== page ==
- having barbs.
- calculated to wound; cutting: a professor noted for his barbed criticisms.
Origin of barbed
- a point or pointed part projecting backward from a main point, as of a fishhook or arrowhead.
- an obviously or openly unpleasant or carping remark.
- Botany, Zoology. a hooked or sharp bristle.
- Ornithology. one of the processes attached to the rachis of a feather.
- one of a breed of domestic pigeons, similar to the carriers or homers, having a short, broad bill.
- any of numerous, small, Old World cyprinid fishes of the genera Barbus and Puntius, often kept in aquariums.
- Usually barbs. Veterinary Pathology. a small protuberance under the tongue in horses and cattle, especially when inflamed and swollen.
- Also barbe. a linen covering for the throat and breast, formerly worn by women mourners and now only by some nuns.
- Obsolete. a beard.
- to furnish with a barb or barbs.
Origin of barb1
SynonymsSee more synonyms for on Thesaurus.com
Examples from the Web for barbed
So perhaps the barbed wire and the machinations of the plot did duty for other obstacles that stood between myself and freedom.The Stacks: How The Berlin Wall Inspired John le Carré’s First Masterpiece
John le Carré
November 8, 2014
Click here to see a photo of Galbraith and Fairchild posing in front of barbed wire that marked off mines in the zone.Morgan Fairchild: Badass Foreign Policy Wonk
October 20, 2014
Two parallel fences tipped with barbed wire formed a narrow corridor into the gymnasium.The GOP’s Last Identity Crisis Remade U.S. Politics
July 24, 2014
Even after she left its barbed bosom, it did its best to further excommunicate and sideline her.
These days, the vast majority of coalition forces work within the walls, guard towers, and barbed wire of their bases.How I’ll End the War: Making Collage Art With Afghan Students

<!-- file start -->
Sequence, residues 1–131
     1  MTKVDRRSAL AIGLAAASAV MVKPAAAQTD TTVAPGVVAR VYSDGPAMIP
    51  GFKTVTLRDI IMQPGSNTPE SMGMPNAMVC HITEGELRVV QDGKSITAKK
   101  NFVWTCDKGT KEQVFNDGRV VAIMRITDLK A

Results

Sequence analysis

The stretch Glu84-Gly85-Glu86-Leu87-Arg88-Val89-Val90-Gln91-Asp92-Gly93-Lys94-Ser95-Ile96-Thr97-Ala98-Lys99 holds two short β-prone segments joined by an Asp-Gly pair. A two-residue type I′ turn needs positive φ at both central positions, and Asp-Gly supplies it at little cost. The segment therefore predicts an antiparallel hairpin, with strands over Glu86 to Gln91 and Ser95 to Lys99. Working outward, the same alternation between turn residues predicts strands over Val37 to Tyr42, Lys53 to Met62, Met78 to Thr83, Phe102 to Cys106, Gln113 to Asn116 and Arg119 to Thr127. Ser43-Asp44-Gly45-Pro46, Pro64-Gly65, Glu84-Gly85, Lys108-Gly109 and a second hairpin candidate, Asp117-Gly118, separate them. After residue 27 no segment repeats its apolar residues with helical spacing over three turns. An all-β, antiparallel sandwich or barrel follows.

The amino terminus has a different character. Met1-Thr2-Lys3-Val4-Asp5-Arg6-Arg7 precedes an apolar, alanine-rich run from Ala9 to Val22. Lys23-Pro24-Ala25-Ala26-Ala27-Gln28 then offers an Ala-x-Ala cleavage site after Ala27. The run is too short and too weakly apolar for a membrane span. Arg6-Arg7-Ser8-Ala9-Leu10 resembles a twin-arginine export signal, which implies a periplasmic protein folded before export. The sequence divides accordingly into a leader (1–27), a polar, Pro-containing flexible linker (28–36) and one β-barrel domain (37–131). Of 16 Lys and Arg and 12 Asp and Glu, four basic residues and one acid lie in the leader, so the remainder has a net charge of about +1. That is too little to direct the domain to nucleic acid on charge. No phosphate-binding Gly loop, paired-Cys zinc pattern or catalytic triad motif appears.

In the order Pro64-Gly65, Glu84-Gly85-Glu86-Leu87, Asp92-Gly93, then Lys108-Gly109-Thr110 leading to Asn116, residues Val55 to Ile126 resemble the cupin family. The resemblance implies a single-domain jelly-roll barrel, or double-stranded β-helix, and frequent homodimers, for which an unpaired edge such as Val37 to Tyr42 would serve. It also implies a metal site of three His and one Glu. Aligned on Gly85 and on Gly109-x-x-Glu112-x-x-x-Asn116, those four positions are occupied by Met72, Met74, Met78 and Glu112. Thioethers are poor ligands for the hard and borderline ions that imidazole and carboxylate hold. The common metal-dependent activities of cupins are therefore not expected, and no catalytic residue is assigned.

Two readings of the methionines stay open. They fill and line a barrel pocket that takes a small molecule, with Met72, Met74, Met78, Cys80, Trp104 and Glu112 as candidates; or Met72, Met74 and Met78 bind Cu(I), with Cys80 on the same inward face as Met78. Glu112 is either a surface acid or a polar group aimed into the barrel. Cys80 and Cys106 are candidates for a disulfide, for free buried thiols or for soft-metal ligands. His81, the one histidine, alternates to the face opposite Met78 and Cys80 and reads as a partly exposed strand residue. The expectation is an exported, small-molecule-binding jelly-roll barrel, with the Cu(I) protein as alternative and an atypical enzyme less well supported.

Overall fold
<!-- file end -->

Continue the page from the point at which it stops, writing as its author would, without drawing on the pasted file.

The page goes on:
May 29, 2014
The injustice of it was like a barbed and poisoned arrow in his heart.A Spirit in Prison
Why should you put up all this barbed wire between yourself and your friends?The Market-Place
Lines of trenches and coils of barbed wire arrest your attention.War Letters of a Public-School Boy
Where is that armor of distrust in which you were to resist the barbed arrow of the enchantress?One Of Them
Charles James Lever
That same book,—how it rankled, like a barbed arrow, in his side!Tony Butler
Charles James Lever
- a subsidiary point facing in the opposite direction to the main point of a fish-hook, harpoon, arrow, etc, intended to make extraction difficult
- any of various pointed parts, as on barbed wire
- a cutting remark; gibe
- any of the numerous hairlike filaments that form the vane of a feather
- a beardlike growth in certain animals
- a hooked hair or projection on certain fruits
- any small cyprinid fish of the genus Barbus (or Puntius) and related genera, such as B. conchonius (rosy barb)
- (usually plural) any of the small fleshy protuberances beneath the tongue in horses and cattle
- a white linen cloth forming part of a headdress extending from the chin to the upper chest, originally worn by women in the Middle Ages, now worn by nuns of some orders
- obsolete a beard
- (tr) to provide with a barb or barbs
- a breed of horse of North African origin, similar to the Arab but less spirited
- Australian a black kelpieSee kelpie 1
- Broadcasters' Audience Research Board
Word Origin and History for barbed
late 15c., "to clip, mow;" see barb (n.). Meaning "to fit or furnish with barbs" is from 1610s. Related: Barbed; barbing.
late 14c., "barb of an arrow," from Old French barbe (11c.) "beard, beardlike appendage," from Latin barba "beard," perhaps cognate with Old English beard (see beard (n.)).
- A sharp point projecting backward, as on the stinger of a bee.
- One of the hairlike branches on the shaft of a feather.